Electropolished Steel Might Positively Repel Bacteria By
Bacterial film on poultry processing equipment might be prevented by a
polishing treatment originally designed to give steel a showroom shine,
according to an Agricultural Research
Service scientist in Athens, Ga.
Microbiologist Judy Arnold found some potential food- safety benefits in a
steel electropolishing process developed by Simmons Engineering Company, a
poultry-plant machinery maker in Dallas,Ga. In electropolishing, steel gets an
acid bath and then an electrical current is passed through it. In several
studies, polishing, sandblasting and grinding have all reduced the buildup of "biofilm"--a
matrix of microorganisms that have attached to each other. In Arnold's study,
however, electropolishing seemed most effective.
Biofilms can be hard to remove even with chemical cleansers. In a poultry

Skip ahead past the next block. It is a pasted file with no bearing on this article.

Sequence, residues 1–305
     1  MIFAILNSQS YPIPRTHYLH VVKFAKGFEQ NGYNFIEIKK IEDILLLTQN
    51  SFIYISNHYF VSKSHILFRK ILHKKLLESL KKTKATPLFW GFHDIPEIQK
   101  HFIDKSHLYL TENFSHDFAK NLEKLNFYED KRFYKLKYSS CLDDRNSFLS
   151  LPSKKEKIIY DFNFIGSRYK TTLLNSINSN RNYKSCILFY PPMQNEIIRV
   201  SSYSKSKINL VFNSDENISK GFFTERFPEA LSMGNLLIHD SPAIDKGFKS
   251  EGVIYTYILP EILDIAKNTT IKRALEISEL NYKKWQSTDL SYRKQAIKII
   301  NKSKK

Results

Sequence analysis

processing plant, biofilms can form if bacteria such as Salmonella move
from carcasses to wet steel surfaces. These bacteria can multiply and infect
other carcasses--a phenomenon called cross- contamination. Biofilm resistance
would cut the need for sanitation chemicals.
Simmons Engineering Company had been concerned about reports linking
biofilms and stainless steel. So company vice-president Wayne Austin contacted
Arnold after learning she was testing various kinds of steel for resistance to
bacterial attachment. She decided to include electropolished steel in her
studies. Arnold works in the Poultry
Processing and Meat Quality Research Unit, part of ARS' Richard B. Russell
Agricultural Research Center in Athens. She suspects that electropolishing
changes steel's electrical charge to positive, thus repelling the negatively
Details are in a story in the February issue of ARS' Agricultural
Research magazine. The story is also on the World Wide Web at:
Scientific contact: Judy W. Arnold, ARS Richard B. Russell
Agricultural Research Center, 950 College Station Rd., Athens, Ga. Phone (706)
546-3515, fax (706) 546-3548, firstname.lastname@example.org.